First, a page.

Mechanical

Air Conditioning

Trane-dx-cooling-unit

We broke down and asked Bob to go ahead and put in a conventional air conditioner last week.  The house was doing very well considering the heat wave we’ve had, but when the temp climbs over 95 degrees for over two weeks straight, and topping out at 100, it gets uncomfortable!

Fortunately, we had budgeted a high-efficiency DX cooling unit, and Bob has worked installation into his schedule.  If we get our photovoltaic panel array at some point, I guess we can feel a little better about using the energy for powering this thing.

At 90 degrees and under, the combination of good cross ventilation and ceiling fans in every room is fine, so most of our summer we will be leaving it off.  I’m not a fan of conventional air conditioning, because in my experience, it results in closed up buildings where no one interacts with the outdoors.  With our indoor/outdoor patios, we will see if we can keep a good balance...    

Furnace

 SClarkson-Furnace

Bob put in our furnace last week.  We spent some time analyzing the heating and cooling loads to size the unit properly.  Considering we have very well insulated walls and roof, plus triple pane glazing, the unit can be smaller than typically used for a house of 2500 square feet.

This is a Trane 95% high-efficiency unit with a two stage variable speed fan, so we hope to see some significant savings on energy usage (especially when combined with our tankless water heater).

Note:  Again, we see this as the next best thing to radiant floors which were out of our price range.

Plumbing-Mechanical Rough-In

SClarkson-plumbing

The mechanical and plumbing sub-contractors have been working on the rough-ins.  It’s amazing how much abuse the studs and floor joists can take with all the holes and drilling -- and still perform!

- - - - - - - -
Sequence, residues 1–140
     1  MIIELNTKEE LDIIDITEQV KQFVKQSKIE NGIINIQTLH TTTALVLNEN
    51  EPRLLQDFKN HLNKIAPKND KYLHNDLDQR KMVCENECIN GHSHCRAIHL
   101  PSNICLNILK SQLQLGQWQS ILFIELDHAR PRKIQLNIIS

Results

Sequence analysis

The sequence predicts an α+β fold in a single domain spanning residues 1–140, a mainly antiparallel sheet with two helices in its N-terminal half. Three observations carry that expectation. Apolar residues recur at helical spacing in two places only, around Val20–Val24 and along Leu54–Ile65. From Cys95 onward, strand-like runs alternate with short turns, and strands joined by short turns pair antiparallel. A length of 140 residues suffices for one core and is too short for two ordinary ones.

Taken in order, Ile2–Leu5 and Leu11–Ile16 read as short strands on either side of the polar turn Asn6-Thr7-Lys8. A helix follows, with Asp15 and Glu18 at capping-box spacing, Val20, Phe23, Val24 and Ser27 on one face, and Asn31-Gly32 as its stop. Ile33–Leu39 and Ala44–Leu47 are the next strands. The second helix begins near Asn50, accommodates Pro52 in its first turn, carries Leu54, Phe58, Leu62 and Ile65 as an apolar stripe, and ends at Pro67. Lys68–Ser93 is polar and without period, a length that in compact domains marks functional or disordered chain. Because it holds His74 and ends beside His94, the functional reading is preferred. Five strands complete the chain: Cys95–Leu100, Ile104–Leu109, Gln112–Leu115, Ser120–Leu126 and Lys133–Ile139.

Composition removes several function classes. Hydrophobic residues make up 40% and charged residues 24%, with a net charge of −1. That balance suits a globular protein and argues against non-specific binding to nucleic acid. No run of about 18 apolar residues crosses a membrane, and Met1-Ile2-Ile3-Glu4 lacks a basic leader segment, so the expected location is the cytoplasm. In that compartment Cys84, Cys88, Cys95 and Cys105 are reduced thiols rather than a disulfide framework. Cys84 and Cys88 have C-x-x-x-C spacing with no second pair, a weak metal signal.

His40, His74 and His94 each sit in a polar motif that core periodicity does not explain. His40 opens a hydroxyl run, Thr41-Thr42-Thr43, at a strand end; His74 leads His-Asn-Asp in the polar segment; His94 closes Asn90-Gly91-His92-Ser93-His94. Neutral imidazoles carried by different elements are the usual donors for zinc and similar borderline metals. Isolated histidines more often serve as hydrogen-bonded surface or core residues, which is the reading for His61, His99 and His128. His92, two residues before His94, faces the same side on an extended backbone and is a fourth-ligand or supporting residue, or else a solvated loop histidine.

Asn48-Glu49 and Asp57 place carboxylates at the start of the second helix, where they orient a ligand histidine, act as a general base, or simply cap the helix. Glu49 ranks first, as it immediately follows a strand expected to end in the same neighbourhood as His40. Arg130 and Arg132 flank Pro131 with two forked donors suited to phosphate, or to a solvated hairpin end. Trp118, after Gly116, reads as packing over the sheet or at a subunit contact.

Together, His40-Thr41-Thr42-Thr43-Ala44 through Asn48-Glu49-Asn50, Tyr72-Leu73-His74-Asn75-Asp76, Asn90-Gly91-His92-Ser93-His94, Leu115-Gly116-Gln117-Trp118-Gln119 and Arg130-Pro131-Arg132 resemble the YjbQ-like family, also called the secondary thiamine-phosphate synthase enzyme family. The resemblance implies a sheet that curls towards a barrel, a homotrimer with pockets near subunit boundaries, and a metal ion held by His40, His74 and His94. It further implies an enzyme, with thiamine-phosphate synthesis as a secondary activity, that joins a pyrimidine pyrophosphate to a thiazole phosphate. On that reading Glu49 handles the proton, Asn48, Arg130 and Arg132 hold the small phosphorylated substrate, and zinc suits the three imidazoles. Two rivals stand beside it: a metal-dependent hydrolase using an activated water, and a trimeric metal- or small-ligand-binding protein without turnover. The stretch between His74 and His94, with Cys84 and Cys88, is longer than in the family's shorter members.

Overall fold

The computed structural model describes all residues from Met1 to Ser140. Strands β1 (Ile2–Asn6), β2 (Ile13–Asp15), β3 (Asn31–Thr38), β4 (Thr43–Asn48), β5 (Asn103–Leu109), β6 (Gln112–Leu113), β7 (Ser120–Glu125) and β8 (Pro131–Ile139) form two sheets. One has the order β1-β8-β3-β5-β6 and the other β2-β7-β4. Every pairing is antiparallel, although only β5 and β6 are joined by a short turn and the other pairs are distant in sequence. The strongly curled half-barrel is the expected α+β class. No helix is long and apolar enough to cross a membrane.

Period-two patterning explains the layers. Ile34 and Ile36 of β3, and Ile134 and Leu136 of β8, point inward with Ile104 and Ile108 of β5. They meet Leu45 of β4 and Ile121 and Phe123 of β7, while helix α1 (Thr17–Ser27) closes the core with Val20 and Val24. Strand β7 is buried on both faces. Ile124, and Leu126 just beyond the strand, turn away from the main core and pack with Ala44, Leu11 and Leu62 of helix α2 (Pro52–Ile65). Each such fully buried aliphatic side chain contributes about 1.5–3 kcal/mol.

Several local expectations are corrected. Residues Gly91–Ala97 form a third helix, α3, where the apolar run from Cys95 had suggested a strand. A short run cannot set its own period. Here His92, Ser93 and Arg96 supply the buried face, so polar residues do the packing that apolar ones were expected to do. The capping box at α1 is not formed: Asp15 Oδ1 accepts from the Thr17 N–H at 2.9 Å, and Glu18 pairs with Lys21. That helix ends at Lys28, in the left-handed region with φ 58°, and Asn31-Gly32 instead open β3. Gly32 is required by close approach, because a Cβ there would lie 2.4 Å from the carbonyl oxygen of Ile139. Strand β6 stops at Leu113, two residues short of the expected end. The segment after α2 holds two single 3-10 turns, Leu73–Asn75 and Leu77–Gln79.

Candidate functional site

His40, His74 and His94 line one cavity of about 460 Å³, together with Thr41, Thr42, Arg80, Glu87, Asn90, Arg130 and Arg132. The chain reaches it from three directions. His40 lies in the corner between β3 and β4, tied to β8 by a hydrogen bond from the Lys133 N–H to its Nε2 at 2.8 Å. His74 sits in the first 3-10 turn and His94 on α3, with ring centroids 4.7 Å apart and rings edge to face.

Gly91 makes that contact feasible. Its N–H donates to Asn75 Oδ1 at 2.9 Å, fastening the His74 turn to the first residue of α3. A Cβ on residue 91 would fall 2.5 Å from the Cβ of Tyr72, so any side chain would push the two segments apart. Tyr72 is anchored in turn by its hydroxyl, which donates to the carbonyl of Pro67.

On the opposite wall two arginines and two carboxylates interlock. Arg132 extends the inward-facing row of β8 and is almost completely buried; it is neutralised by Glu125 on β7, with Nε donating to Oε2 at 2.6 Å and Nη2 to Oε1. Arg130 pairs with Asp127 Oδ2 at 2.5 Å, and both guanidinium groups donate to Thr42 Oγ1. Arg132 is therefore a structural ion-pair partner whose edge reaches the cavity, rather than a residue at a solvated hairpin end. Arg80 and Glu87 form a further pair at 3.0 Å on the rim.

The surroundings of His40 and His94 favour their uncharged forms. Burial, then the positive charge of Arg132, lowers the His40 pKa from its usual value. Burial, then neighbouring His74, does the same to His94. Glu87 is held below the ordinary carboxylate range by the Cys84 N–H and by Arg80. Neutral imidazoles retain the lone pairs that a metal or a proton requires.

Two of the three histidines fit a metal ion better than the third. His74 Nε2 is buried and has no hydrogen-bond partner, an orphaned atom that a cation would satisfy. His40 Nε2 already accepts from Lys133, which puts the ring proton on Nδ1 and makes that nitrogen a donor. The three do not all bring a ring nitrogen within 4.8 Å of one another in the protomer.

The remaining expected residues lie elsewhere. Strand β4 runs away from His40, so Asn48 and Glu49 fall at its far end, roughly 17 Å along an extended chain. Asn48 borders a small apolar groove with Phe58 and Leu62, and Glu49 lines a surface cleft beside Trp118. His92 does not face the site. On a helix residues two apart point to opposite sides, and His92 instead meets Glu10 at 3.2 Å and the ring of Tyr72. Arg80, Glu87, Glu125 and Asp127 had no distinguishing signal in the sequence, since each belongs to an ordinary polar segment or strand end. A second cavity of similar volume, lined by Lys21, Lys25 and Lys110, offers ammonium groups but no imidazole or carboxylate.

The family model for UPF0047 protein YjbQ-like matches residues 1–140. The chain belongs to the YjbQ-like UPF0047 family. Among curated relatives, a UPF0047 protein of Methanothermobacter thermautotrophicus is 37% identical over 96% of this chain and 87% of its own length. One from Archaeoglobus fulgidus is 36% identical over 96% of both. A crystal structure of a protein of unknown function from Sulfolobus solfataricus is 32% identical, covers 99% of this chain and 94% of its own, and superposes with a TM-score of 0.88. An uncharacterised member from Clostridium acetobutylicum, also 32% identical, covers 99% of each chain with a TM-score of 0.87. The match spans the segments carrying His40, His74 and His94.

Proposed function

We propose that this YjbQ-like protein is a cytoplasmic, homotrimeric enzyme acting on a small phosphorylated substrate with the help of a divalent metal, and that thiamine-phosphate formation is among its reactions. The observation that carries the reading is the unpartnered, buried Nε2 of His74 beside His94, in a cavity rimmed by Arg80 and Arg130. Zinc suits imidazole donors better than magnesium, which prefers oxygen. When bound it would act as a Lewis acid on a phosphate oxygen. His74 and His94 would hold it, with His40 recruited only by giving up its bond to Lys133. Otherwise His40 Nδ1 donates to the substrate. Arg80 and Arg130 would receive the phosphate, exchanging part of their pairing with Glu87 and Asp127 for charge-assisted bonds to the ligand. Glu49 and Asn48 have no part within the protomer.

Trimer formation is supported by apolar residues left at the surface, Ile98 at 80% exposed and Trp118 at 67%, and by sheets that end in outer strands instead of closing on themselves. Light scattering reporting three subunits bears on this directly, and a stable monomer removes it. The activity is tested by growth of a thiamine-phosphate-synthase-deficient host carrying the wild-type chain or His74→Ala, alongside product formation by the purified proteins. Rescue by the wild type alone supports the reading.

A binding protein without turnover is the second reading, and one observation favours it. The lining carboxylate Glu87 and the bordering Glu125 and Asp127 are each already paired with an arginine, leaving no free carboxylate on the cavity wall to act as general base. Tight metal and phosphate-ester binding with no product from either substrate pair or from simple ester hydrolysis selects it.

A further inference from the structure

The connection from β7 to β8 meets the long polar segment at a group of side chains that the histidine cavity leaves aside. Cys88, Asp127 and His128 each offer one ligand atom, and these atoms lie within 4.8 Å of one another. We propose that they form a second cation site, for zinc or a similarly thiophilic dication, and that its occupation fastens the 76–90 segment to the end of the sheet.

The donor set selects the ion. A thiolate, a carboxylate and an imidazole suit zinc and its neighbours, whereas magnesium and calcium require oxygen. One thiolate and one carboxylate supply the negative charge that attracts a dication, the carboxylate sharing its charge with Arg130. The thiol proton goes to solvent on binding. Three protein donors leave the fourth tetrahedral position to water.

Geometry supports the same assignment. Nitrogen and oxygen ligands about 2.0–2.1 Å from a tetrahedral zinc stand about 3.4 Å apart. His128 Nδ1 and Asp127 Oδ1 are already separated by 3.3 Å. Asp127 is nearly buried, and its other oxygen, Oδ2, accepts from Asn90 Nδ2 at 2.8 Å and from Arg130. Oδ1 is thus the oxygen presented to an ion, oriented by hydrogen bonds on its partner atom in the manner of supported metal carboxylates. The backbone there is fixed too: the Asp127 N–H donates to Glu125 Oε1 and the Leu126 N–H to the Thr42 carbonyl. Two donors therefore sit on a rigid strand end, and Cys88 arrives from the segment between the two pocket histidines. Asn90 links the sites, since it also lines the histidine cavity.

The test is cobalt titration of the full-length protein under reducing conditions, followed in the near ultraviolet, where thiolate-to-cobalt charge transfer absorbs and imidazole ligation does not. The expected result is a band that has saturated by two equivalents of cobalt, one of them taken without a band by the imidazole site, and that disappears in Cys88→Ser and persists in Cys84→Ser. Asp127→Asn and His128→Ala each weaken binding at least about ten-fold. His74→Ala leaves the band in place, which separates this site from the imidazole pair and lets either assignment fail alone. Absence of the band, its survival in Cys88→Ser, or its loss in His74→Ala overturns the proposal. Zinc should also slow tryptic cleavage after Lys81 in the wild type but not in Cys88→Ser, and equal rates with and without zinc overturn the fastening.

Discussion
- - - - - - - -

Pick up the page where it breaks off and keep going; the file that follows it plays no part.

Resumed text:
We have specified a number of interior chases (exterior SIPs walls don’t really work for this) which are quickly filling up.  

Mechanical Ideas

 1441SClarkson-current-mech

1441SClarkson-current-mech

Since we had to forgo the radiant floor system, we’ve had to get serious about what we will be using for a forced-air mechanical system. We will be using a high-efficiency furnace (90% or better). Instead of using the “rule of thumb” type sizing, the more thorough “right sizing” or “Manual J” method will be used. In addition, we will hopefully add third party testing - blower door and duct leakage.

We are still on the fence about using the traditional compressor-based air conditioning unit (granted it would be high-efficiency - 15 SEER) or go for an efficient indirect swamp cooler. The trouble is we haven’t found a cost efficient method for combining these two very different systems.

For domestic hot water, we will be using a gas fired tankless water heater (on-demand). I think we will start with just one for the entire house, and probably rough-in for a second, considering we are also prepping for a future guest suite on the basement level.

Tough Decisions

 Money symbol

We’ve been reviewing our bids for the last few weeks -- a challenging and frustrating process. Materials and building costs do not seem to reflect any economic downturn.

The price points of a number of items that we researched and would purchase directly are also towards the upper end of what we can afford, so some trimming will be done there too.

Ultimately the biggest item on the chopping block seems to be radiant floors. It’s amazing that these systems are so expensive. It’s been around for a while now, but unfortunately, it has not become a commodity item like conventional forced-air systems.

With energy conservation in mind, we are looking at a high efficiency furnace, a swamp cooler rather than a conventional compressor (central air) type air conditioner, and an on-demand type water heater.

We shall see...